3. Kelly Says:

    I was wondering if you could suggest a daily stool softener for a 5 year old that is not habit forming, and safe to take long term ?


  4. caldron2010 Says:

    We also use fiber gummies daily to keep stool soft – I don’t like the chemicals in the stool softeners and have heard nothing but horrible things about Mirolax from mom groups that I am involved with. My son is turning 5 in a week and a half and he still holds. We have tried literally every method that has been suggested to us over the last 3 years and have even hired a behavioral specialist to come to our home to work on the potty time. He understands the concept, it doesn’t hurt when he poops and he does run to the potty to poop about half of the time, but never EVER two days in a row. He only poops every 2-3 days sometimes up to 5 and that is when we use the suppository. I’m terrified that this is causing irreversible damage to his intestines and there is NO reason why it is happening. I’m at a loss and it is literally the single most frustrating thing I have ever dealt with in my life.


  5. Dr. Roy Says:

    caldron, you’ve been through a lot, and I don’t want to make you second-guess yourself…. but those issues you may have heard from the moms’ group about “Miralax” are a load of hooey. The FDA has looked into it, the huge ped GI association has looked into it, the AAP has looked into it — it’s just fearmongering nonsense. You need effective therapy here, and you’ve been unnecessarily scared away from one of the best tools we’ve got. I urge you to visit with a Ped GI to get your answers from someone who knows what they’re talking about. Best of luck!


  6. Angelique Says:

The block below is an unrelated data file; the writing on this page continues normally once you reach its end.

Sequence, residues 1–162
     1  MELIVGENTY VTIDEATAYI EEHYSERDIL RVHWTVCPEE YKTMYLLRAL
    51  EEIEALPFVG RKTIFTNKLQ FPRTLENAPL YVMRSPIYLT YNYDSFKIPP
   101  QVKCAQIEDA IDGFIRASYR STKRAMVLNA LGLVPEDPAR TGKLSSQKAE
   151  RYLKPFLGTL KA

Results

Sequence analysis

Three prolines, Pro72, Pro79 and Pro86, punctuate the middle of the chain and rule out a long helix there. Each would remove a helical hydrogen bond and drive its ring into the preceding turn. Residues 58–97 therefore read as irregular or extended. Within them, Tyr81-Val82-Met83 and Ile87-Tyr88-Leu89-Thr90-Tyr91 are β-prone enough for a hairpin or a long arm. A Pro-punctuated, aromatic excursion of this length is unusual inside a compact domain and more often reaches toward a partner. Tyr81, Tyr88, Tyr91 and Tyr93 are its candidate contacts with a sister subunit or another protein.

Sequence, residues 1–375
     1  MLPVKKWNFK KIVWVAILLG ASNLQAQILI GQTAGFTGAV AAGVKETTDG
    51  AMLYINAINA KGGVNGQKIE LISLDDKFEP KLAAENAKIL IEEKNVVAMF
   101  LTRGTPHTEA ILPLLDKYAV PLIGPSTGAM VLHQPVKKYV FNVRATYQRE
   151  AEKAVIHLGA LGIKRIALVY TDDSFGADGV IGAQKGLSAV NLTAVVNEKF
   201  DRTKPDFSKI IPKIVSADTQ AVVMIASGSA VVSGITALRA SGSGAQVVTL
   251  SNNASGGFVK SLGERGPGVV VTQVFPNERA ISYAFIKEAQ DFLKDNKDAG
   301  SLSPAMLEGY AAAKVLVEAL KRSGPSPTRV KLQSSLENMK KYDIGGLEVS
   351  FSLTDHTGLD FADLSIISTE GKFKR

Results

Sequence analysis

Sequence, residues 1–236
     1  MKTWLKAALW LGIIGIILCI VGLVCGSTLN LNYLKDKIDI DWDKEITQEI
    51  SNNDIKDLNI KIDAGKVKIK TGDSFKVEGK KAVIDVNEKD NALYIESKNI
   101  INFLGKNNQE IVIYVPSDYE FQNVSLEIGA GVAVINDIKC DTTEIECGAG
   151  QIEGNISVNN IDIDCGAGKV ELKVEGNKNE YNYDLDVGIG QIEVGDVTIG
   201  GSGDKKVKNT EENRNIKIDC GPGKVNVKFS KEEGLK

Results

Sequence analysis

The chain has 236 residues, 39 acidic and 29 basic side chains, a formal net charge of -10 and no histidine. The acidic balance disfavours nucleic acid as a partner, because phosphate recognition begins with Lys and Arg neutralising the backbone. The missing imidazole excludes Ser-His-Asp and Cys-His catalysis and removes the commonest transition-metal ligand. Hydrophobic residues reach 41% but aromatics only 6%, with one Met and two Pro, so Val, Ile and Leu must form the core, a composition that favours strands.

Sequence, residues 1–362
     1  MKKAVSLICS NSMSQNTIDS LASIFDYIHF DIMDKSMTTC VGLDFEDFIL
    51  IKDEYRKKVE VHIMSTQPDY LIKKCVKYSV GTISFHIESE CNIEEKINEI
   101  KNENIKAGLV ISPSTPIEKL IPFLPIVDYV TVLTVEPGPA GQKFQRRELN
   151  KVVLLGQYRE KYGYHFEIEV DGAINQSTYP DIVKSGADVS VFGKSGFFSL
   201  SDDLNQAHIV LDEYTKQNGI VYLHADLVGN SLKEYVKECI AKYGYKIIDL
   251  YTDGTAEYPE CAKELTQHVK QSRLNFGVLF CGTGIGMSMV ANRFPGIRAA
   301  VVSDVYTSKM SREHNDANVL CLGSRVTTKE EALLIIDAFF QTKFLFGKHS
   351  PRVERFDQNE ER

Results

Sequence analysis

My stepson is almost 5 and controls all 3 of these things. As his primary caregiver, and the person he seems to like or respect the least, this makes my life very frustrating. All my time goes to trying to get him to eat and poop. We’re on day 7 of no poop right now and he never eats meals with me or at school. He’s hungry and asking for food but as soon as I cook him something and sit him down he’s suddenly tired and not hungry and won’t eat. He’ll eat snacks all day if he was allowed. But meals are a no go. He’s still in 2T as he is way smaller than kids his age. As far as the pooping he did used to battle constipation. He was on a high dose of miralax daily for almost 3 years and it paralyzed his colon from contracting or feeling stimulation and he also had neurological effects from it making him psychotic. His rage and aggression were absolutely terrible. I literally thought he was possessed or something. Forget trying to cuddle with him or hug him to calm him down, he would attack you and often times leave you bleeding from his attacks. He still attacks but not as aggressively. I put him on natural supplements and the rage went away mostly and his poop was soft enough to the point he was pooping multiple times a day without me even having to tell him to go. If I did have to tell him he wouldn’t fight it, he would just go. Then something changed in him again and he absolutely refuses to try to go. His stool is still soft but he sees it as me controlling him I think and he doesn’t want that so I think that’s why he refuses. I did everything I could to make him healthy but when he’s working against me my only choice is to give him suppositories to make him poop after it’s been a week. We’ve spent way too much time in the hospital for this which of all the tests they’ve had us do in 3 different states none of them came back with anything. He’s literally holding because he wants to, it’s not physical at all. I try to explain to him how he’s making himself sick but he says he wants to. We stopped going to Dr appts because their next step was to remove his intestines and give him a bag since he won’t try to go on his own. Idk how giving him the easy way out and encouraging him to not have to do the things everyone else does is good for his state of mind. I really don’t want to be cleaning out poop bags every day because he doesn’t want to try to go. You don’t get to just pick to eliminate bodily functions. Human is human, sorry to break the news. There’s no winning with him. He’s very malnourished and very unhealthy because all he does is work against my attempts. Idk what to do anymore.